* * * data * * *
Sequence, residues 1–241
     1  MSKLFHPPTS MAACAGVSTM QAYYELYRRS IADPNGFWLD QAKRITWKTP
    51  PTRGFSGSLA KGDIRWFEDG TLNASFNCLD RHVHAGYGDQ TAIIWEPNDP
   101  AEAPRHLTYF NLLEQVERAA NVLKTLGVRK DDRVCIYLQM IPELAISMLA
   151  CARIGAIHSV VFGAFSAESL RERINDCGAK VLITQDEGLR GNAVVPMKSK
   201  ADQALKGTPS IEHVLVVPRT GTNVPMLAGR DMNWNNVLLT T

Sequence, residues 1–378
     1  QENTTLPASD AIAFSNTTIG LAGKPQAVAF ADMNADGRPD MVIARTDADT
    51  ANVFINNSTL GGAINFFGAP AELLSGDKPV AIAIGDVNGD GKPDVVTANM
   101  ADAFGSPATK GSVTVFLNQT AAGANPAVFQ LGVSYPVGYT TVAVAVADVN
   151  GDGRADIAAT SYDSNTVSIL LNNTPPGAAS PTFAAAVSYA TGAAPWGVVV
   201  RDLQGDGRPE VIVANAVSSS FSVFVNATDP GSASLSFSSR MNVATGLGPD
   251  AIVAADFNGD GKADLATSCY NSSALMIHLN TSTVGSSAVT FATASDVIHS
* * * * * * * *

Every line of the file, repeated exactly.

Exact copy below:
Sequence, residues 1–241
     1  MSKLFHPPTS MAACAGVSTM QAYYELYRRS IADPNGFWLD QAKRITWKTP
    51  PTRGFSGSLA KGDIRWFEDG TLNASFNCLD RHVHAGYGDQ TAIIWEPNDP
   101  AEAPRHLTYF NLLEQVERAA NVLKTLGVRK DDRVCIYLQM IPELAISMLA
   151  CARIGAIHSV VFGAFSAESL RERINDCGAK VLITQDEGLR GNAVVPMKSK
   201  ADQALKGTPS IEHVLVVPRT GTNVPMLAGR DMNWNNVLLT T

Sequence, residues 1–378
     1  QENTTLPASD AIAFSNTTIG LAGKPQAVAF ADMNADGRPD MVIARTDADT
    51  ANVFINNSTL GGAINFFGAP AELLSGDKPV AIAIGDVNGD GKPDVVTANM
   101  ADAFGSPATK GSVTVFLNQT AAGANPAVFQ LGVSYPVGYT TVAVAVADVN
   151  GDGRADIAAT SYDSNTVSIL LNNTPPGAAS PTFAAAVSYA TGAAPWGVVV
   201  RDLQGDGRPE VIVANAVSSS FSVFVNATDP GSASLSFSSR MNVATGLGPD
   251  AIVAADFNGD GKADLATSCY NSSALMIHLN TSTVGSSAVT FATASDVIHS